Family Relationship in Arthur Miller’s All My Sons and Death of a Salesman


  • Sumanpreet Kaur


Arthur Miller (1915-2005) is the most prized American dramatist where work occupies a significant place in the twentieth century of American literature. Miller has written a lot on the realities of the present day theatre with great distinctive force. Arthur Miller has adroit in dealing human psychology and human relationships. The most prevailing theme in Miller’s plays is man’s relation with society his loyalty towards the family. Miller first success All My Sons (1947) and masterpieces Death of a Salesman (1949) are his early plays of the contemporary American society and deals with the theme of family relationship. The plays of Miller are devoid of social context. Concurring with Aristotle’s dictim, Miller wants to depict in his plays that man is a social animal and cannot live in seclusion. Miller believes that the protagonist of drama must be a part of meaningful social relationships, and the relationship that he is supposed to make with society should be a natural one, keeping in mind that each son and daughter of society is his own son and daughter. By doing wrong to societal setup brings doom to his familial fabric.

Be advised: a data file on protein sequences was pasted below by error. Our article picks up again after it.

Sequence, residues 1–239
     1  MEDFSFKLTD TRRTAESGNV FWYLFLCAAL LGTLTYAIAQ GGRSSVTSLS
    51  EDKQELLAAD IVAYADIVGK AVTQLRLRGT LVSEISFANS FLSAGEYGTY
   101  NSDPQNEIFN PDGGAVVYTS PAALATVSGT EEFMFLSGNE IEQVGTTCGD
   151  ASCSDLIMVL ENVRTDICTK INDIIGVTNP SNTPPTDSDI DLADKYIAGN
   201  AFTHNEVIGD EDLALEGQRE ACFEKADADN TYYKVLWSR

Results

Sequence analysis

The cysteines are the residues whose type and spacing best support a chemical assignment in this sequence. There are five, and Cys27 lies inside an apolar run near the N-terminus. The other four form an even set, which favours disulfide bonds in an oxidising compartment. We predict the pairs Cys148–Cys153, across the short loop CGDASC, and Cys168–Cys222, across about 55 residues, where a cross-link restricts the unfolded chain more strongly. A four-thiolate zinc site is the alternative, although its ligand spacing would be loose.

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How to Cite

Kaur, S. (2016). Family Relationship in Arthur Miller’s All My Sons and Death of a Salesman. SMART MOVES JOURNAL IJELLH, 4(9), 4. Retrieved from